Having looked at a lot of stuff over the years I've kind of decided that if
I'm going to use wood with knots that they need to be whole knots, i.e., no
partial knots on the edge of boards or partial knots in glued up seams. To
accomplish this I rip boards to include or exclude knots or partial knots
such that even with glue ups only full knots show.
I've noticed more and more commercial work, as well as a fair amount of
amateur work with partial knots. Now I'm wondering if it's just me noticing
this or has the prevalence of partial knots in visible surfaces really
Seventy some odd years ago, when I was a youngster, you couldn't give
away a board that had a knot in it. Then in the 1950's it became the
rage to panel a room with Pine boards that had a whole lot of knots in
them. Since then, everything went down hill to where you now have
sawdust glued together and people are happy with it. I guess that you
can still get wood boards that do not have a single knot in then, that
is if you are slightly Rich.
A bit of a gloat; I just bought a load of lumber (used) from a farm
building that was torn down. Had to remove nails and such, but I am
noticing that a lot of the lumber is clear pine. It is marked Number 2,
but it is clear. Some of the 14 footers may have one knot, but that is
it. The guy I bought it from said the outbuilding was built in 1972.
A local cabinet shop owner says he gets a request for knotty cabinets,
especially hickory, from time to time. In fact we saw some work he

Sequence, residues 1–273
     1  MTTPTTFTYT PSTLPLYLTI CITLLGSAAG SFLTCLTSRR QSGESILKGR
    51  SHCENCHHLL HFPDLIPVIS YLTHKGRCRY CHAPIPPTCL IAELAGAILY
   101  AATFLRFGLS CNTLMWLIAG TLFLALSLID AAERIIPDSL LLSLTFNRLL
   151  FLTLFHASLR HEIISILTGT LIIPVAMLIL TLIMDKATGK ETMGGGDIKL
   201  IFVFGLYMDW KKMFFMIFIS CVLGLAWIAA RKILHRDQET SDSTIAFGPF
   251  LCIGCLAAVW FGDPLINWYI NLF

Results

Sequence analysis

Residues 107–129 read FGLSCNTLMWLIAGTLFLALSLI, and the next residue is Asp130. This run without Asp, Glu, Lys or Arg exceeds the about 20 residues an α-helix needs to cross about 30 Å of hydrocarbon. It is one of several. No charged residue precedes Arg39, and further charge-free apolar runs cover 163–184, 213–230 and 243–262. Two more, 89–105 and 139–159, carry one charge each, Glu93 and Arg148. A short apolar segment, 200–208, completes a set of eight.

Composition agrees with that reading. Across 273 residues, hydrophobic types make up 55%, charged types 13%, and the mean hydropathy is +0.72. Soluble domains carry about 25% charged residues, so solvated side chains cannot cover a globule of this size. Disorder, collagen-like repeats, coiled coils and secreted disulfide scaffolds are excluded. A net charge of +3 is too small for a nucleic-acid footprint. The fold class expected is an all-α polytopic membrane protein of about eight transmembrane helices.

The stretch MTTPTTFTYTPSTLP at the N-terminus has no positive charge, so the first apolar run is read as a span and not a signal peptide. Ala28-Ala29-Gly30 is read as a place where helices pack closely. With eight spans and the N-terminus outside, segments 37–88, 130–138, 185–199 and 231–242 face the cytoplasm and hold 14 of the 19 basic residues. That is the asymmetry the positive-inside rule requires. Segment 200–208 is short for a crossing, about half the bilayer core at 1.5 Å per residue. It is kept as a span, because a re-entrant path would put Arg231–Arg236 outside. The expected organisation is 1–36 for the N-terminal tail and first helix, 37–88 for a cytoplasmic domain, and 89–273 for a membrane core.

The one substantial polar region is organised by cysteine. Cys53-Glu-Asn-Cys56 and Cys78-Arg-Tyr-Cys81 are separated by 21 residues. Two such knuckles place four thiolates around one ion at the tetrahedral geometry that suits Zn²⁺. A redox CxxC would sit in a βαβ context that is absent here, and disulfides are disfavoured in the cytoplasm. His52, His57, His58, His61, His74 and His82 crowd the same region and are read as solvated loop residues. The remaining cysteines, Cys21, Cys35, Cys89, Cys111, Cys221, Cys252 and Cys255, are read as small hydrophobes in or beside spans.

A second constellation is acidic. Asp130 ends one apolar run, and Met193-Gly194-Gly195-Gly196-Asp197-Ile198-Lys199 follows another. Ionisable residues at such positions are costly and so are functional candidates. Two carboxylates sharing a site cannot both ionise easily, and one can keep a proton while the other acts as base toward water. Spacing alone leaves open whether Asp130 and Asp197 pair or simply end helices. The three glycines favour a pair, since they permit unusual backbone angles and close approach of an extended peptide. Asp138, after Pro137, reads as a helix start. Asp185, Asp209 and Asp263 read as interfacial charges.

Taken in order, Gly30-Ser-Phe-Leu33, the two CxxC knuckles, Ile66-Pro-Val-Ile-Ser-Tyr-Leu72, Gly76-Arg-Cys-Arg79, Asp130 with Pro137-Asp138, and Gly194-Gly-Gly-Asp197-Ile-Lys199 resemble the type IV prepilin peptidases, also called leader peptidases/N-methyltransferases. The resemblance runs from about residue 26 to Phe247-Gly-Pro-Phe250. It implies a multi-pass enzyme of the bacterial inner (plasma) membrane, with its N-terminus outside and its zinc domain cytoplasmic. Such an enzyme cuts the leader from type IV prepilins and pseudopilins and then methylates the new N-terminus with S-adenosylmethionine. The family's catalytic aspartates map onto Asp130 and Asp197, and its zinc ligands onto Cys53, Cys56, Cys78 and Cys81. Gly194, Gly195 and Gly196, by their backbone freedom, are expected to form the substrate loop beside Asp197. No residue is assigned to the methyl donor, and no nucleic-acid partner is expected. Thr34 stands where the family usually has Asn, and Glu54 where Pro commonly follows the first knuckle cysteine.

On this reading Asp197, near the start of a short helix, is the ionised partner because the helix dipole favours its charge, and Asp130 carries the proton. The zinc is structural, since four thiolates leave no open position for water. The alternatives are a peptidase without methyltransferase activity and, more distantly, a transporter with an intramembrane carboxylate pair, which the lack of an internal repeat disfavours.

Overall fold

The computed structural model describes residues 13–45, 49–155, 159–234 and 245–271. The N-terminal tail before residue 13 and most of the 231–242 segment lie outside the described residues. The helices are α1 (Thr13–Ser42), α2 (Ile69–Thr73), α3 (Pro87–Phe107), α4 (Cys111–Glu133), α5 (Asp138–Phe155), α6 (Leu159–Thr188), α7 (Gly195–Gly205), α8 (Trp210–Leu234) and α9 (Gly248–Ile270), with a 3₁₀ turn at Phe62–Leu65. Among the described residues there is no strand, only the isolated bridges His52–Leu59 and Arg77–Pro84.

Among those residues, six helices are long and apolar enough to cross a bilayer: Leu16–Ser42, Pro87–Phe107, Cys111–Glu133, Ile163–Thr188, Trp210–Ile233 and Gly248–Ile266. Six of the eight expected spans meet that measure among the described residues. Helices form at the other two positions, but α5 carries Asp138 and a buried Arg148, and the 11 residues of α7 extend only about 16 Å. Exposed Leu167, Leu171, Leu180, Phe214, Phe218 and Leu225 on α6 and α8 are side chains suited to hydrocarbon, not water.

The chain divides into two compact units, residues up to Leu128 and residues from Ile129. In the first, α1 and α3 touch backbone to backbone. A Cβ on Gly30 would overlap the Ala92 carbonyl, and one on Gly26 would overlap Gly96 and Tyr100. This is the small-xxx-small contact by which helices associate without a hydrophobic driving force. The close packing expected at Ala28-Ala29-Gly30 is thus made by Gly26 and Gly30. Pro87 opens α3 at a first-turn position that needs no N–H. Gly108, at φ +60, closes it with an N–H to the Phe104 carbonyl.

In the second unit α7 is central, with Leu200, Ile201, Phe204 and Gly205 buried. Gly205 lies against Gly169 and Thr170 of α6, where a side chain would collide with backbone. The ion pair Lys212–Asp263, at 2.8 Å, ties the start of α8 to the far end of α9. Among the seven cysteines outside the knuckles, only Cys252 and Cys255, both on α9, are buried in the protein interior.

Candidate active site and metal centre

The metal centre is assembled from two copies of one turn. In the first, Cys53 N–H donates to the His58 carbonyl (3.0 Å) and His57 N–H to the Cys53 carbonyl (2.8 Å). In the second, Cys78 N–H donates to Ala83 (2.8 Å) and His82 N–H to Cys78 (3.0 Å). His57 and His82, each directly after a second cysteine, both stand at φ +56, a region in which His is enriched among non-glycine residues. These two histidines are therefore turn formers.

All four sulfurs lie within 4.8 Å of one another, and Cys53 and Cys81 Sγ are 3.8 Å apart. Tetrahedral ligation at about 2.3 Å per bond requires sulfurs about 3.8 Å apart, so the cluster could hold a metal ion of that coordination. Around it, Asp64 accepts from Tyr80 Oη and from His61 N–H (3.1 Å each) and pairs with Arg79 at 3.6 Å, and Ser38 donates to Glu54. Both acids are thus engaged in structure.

was doing a couple of years ago that had some pretty prominent open
knots in some of the doors. Sounds weird but it was really quite
SFWIW, if I have to use knotty material, I knock them totally out
(full or partial knots), then fill with microballoon thickened epoxy
complete with black color.
When cured, sand flush and treat it like solid material.
Truly not a woodworker purist, just the way I've done it.
It certainly is much easier to work with wood that has no knots however it
seems that they are becoming more accepted. I personally like them on the
right piece and especially if they are eaually spread out. I don't want "1"
knot, I want them all over. ;~) I actually prefer to see knots whith
small holes, I like to fill them in with a contrasting and or complementry
I don't know - do you like women with hairy legs? That's also
Wood prices affect the desirability of knotty wood - at least the
desirability of keeping some cash in your pocket and still getting
wood you can work with. It seems to me that knottiness (is that a
word?) is a fashion trend. As someone else pointed out, back in the
50's and 60's knotty paneling was in favor in much of the country.
That trend seemed to hit the top - or the bottom depending on your
viewpoint - with pecky cypress, where rotten wood 'sores' were
As far as the location of the knots, having the complete knot uncut is
certainly more stable, and if the knot is small and tight enough it
won't go anywhere. After the stability/longevity issue, it's all
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